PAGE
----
MapReduce is a general-purpose execution engine, and Spark is a general-purpose execution engine, and if Spark is going to replace MapReduce, you’d expect that Hive could be ported to use Spark instead of MapReduce. You’d be right. That work is already well underway.
The Hive query planner is still pretty limited, and doesn’t handle complex queries with lots of joins and sophisticated predicates well. It does a fantastic job of running simple queries that do data transformation, but it’s really not good at handling analytic query or interactive BI workloads. As a result, we see it used extensively in production for extract-transform-load (ETL) jobs, but not for too much else.
We expect Hive to continue to serve that use case well. It’s been part of our platform from our very first release, and we’ll continue to ship and support it for the long term. I do expect that Hive on Spark will supplant Hive on MapReduce, even for most current production workloads (also true for Apache Pig, by the way). If you love Hive, though, you can rest assured you’ll be able to keep using it.
Impala, by contrast, was designed from the beginning to handle high-concurrency analytic query processing workloads. It takes advantage of decades of research into massively parallel database query processing systems and borrows from publications by Google and others in building those systems for enormous scale. The community will continue to drive concurrency and performance, but it’s already true that if you’re doing high-performance analytic SQL on Hadoop, Impala smokes every alternative. We expect that to stay true.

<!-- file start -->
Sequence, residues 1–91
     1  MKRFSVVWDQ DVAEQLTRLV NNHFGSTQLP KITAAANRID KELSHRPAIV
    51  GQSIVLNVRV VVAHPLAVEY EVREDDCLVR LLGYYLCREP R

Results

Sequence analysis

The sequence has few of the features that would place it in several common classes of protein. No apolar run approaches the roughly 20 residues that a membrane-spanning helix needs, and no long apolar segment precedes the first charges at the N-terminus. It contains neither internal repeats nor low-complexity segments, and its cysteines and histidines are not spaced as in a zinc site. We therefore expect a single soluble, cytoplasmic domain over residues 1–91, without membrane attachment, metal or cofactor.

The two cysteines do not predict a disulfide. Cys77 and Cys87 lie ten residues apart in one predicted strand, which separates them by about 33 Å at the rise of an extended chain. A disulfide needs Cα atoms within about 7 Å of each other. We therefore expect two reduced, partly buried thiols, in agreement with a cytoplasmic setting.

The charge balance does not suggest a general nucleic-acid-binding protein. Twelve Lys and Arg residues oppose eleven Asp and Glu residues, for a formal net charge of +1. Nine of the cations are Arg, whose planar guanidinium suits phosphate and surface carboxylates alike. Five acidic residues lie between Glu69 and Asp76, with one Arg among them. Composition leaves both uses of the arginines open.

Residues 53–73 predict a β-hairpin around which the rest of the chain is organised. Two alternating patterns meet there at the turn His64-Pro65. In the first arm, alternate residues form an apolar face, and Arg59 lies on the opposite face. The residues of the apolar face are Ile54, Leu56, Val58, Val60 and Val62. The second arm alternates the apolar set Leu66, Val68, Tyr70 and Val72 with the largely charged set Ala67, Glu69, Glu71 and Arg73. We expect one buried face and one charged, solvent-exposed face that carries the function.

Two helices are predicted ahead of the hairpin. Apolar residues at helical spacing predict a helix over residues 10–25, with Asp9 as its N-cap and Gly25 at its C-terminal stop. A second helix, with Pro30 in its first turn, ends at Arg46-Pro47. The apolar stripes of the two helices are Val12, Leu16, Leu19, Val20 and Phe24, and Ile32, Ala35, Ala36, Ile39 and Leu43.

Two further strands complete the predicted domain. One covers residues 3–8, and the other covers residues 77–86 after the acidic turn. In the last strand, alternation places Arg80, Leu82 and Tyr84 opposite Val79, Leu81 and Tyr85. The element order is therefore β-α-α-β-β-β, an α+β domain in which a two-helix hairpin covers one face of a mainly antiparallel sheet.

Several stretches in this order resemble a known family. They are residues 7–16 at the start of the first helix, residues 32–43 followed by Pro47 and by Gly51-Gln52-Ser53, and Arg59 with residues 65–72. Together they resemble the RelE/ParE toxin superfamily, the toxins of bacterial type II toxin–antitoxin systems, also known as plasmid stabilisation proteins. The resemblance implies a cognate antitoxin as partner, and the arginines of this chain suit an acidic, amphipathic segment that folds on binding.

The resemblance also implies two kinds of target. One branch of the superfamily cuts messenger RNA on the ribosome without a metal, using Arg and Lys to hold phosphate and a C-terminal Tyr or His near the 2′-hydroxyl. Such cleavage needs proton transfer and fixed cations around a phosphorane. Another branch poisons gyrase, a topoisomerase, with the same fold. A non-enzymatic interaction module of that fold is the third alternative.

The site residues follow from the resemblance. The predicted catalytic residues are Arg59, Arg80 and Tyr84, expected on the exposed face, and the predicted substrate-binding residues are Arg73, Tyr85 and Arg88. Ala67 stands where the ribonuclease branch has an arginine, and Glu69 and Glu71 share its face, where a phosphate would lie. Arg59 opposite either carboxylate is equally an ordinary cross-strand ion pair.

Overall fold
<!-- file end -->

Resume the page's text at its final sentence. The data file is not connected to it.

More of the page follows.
Like Hive (and very much like Hive-on-Spark!), SparkSQL is query processing on a general, not dedicated, database engine, so we don’t expect it to compete with Impala on performance or concurrency. Where it does shine is for developers building Spark applications who want to make SQL queries against their data from directly inside those apps. Like embedded SQL in programming languages like C++ and Java, embedded SQL for Spark apps makes it very easy to fetch records and bind them to program variables easily.
There is, no question, overlap among these three, but they each have special properties that the others lack. While it can be a little confusing to have three choices in the platform, it’s one of the benefits of an open source ecosystem that different options with different design goals can coexist so easily.
I spoke at some length about Kudu, the new storage option we announced in September. Kudu was designed to fill an important gap in storage in Hadoop: HDFS is great for storing and processing big files and log data, but can’t handle updates or random access well. Apache HBase is excellent at random access to single records for NoSQL workloads and can handle updates, but doesn’t support common analytic workloads like scanning records in order well.